In the multiverse of marijuana regulatory agency interactions between marijuana business licenses, their counsel, and regulatory agency officials, a few modes of operation have emerged as critical to an attorney’s success in negotiating with such officials on behalf of their clients. Certainly, there are an infinite number of approaches licensees, or their attorneys, have taken when engaging in these interactions—aggressive, passive, evasive, academic, etc. However, what the licensee really wants out of these interactions is a positive and successful result. After thousands of these interactions with dozens of regulatory agencies, I have found the following three methodologies vital towards attaining a high percentage rate of positive results.
The old adage, “Honesty is the best policy,” has never been truer than in the marijuana industry. This is further amplified as it applies to communications and interactions with marijuana regulatory agencies. Marijuana businesses are expensive, risky, and time-consuming ventures. Getting caught in misrepresentation or misunderstanding, whether accidental or intentional, immediately sends a red flag to the regulatory agency, often resulting in heightened scrutiny and more administrative, and possibly enforcement, attention with respect to a particular licensee and/or application. All regulatory agencies have limited bandwidth and resources to investigate licensees, so it follows that those limited resources will be focused on licensees that the regulatory agency deems deserving of that attention. The licensee’s goal should be to avoid attention and generate the perception in the regulatory agency’s mind that the licensee is “one of the good ones.”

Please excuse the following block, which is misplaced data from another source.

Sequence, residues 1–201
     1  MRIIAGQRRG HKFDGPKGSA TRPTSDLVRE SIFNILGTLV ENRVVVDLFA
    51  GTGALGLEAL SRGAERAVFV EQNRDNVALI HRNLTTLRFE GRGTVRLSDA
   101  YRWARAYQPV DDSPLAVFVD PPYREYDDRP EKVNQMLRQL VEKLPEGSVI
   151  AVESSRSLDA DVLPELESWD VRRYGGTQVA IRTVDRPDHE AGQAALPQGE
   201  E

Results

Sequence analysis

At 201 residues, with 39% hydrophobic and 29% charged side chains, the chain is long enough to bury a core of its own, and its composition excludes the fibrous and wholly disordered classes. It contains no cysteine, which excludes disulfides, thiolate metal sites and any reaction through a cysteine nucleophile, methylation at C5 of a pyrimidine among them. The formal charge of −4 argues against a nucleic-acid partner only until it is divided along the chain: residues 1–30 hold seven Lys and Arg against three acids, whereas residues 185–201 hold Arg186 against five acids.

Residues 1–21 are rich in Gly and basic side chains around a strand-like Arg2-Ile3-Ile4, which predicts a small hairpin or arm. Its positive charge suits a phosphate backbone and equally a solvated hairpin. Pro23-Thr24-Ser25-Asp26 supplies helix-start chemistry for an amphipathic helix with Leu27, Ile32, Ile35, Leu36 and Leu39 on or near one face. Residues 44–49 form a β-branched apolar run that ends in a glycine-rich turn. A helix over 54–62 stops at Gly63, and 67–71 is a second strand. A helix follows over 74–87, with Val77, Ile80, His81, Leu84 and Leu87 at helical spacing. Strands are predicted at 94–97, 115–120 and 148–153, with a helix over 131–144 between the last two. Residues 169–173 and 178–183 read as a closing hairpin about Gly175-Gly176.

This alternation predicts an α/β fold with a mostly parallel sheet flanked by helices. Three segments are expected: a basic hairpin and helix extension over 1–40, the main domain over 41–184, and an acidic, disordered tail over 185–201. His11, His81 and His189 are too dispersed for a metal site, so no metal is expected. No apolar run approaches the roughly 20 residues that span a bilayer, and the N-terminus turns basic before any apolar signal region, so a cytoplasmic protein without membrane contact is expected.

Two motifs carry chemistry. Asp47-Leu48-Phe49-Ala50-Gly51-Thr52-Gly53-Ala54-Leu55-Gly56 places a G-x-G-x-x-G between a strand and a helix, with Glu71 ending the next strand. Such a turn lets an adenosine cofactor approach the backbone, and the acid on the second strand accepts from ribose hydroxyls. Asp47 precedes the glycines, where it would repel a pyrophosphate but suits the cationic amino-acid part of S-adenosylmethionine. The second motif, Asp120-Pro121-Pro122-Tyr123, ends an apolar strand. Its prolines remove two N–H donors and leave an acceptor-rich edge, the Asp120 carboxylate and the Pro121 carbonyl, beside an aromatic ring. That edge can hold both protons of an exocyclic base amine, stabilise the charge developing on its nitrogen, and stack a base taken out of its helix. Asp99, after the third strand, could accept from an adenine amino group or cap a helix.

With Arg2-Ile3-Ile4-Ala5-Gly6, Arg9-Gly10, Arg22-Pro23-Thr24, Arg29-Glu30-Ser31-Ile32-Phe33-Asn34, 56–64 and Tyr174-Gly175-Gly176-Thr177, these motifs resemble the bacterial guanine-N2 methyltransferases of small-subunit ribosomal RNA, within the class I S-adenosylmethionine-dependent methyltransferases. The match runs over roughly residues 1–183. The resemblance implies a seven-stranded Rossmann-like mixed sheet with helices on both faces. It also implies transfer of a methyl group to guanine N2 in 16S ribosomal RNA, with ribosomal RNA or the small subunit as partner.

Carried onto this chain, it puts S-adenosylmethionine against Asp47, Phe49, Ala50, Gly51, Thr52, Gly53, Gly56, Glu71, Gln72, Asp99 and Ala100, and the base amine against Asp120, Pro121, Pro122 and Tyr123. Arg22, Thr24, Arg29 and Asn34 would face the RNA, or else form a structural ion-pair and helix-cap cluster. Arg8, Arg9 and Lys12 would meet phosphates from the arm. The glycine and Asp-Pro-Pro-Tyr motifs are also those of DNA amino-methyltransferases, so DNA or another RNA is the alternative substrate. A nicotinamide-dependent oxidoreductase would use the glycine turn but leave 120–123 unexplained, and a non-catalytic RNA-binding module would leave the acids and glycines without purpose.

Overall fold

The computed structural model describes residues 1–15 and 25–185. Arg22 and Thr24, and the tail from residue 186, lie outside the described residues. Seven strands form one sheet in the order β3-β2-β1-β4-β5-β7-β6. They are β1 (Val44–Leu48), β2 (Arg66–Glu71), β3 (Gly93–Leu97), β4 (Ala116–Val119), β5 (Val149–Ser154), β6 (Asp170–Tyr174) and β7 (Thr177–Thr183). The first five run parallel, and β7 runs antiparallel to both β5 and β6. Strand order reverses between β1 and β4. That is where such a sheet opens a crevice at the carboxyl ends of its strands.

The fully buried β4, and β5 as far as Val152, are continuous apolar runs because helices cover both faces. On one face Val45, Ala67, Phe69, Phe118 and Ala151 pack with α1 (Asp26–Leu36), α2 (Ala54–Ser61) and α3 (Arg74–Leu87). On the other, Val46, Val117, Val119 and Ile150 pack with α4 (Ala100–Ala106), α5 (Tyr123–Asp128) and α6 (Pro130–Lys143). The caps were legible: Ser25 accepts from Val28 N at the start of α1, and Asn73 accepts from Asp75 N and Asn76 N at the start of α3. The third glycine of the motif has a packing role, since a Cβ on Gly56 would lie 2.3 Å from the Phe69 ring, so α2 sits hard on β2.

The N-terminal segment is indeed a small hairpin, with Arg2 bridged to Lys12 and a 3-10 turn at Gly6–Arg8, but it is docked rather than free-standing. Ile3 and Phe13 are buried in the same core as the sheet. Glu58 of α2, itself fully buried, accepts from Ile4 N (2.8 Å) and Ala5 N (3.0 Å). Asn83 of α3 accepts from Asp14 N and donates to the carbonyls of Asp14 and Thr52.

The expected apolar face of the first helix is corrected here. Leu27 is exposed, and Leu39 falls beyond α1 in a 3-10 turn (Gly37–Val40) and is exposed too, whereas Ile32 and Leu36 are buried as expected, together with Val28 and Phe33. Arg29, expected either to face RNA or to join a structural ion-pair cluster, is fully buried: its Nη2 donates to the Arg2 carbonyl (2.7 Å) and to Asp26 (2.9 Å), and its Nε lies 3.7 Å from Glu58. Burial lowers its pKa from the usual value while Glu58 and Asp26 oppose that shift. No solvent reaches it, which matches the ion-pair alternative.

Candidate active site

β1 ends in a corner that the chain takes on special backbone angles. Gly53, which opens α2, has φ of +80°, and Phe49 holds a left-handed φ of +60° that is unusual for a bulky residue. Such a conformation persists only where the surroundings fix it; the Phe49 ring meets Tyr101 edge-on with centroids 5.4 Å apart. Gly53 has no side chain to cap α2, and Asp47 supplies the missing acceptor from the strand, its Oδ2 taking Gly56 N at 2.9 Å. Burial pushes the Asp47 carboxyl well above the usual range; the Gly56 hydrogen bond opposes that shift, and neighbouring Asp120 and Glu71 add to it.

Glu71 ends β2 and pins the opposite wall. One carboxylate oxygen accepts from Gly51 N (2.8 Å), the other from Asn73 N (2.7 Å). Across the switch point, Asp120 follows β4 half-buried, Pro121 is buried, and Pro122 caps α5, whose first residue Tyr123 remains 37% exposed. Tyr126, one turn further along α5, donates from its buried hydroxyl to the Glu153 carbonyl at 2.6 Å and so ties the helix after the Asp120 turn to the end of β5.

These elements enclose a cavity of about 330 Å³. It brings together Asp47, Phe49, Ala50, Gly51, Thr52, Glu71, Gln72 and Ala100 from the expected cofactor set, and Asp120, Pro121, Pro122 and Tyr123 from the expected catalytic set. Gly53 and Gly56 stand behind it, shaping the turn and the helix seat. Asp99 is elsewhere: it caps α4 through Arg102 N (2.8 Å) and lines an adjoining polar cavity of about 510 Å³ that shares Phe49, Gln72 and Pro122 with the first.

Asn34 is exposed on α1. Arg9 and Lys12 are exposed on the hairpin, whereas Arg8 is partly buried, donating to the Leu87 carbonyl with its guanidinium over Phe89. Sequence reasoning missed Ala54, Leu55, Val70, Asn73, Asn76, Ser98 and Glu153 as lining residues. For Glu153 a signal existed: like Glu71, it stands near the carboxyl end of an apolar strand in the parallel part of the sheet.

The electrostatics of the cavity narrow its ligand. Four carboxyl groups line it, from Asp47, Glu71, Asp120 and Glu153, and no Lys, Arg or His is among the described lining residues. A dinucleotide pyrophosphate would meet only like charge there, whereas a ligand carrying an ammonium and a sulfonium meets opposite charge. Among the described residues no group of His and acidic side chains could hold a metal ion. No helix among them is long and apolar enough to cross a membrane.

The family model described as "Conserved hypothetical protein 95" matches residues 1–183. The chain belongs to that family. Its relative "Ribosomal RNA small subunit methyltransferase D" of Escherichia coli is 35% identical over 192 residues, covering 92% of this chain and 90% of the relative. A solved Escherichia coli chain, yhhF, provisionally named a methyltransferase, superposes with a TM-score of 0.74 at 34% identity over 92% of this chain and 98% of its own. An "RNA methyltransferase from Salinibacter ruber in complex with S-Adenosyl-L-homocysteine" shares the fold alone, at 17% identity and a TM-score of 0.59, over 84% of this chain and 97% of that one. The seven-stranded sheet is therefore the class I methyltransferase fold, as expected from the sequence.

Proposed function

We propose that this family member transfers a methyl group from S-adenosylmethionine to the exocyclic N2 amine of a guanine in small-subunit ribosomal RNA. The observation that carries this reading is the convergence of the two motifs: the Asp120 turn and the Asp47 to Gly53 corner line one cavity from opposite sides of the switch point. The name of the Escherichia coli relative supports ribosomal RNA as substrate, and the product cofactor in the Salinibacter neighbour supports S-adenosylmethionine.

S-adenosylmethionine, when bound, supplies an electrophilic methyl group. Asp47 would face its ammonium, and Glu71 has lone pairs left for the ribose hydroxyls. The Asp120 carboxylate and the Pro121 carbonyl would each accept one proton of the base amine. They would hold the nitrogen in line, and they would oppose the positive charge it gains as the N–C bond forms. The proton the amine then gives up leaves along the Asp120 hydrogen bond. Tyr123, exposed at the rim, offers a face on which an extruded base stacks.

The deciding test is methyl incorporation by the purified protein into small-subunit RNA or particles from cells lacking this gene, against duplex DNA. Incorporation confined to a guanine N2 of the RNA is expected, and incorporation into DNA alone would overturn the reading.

Once a positive, trusting, and collaborative relationship is established with the regulatory agency, the licensee’s reputation and goodwill generate positive results. Those positive results reverberate beyond the borders of that particular regulatory agency to seep into other regulatory agencies. Regulators, both within an agency and between agencies, interact with each other on a consistent basis and share experiences and war stories they have had with different licensees. A licensee that has proven to be honest with the regulatory agency will benefit from that honesty in the form of banked goodwill and a much smoother application process.
Frequently, an issue that arises out of the licensee-regulatory agency relationship is a lack of clarity in the inquiries that the agency provides to licensees. The inquiries are often ambiguous and subject to multiple interpretations, which makes it difficult for a licensee to accurately and precisely respond to the inquiries. This is often perceived as a trap by licensees, albeit the regulatory agency may not intend it to be so.
Ambiguities in regulatory agency requests for information have many sources. Perhaps the underlying regulatory rule the request is meant to address is poorly drafted. Possibly the regulatory agency application is attempting to use a “one size fits all” application that does not align with the licensee’s factual scenario. A common response to these situations is to interpret the request as narrowly as possible so the licensee will have to disclose as little as possible. The problem with this response is that, although the regulatory agency may not know how to phrase the questions, they definitely want to know the answers. If a licensee’s disclosures, although technically responsive, do not answer the poorly presented questions, then the licensee runs the risk of raising a red flag with the regulatory agency as to whether the licensee is really attempting to answer the question or intentionally interpreting the request in an effort to omit information in the response. Essentially the regulatory agency asks itself, “What are they hiding?”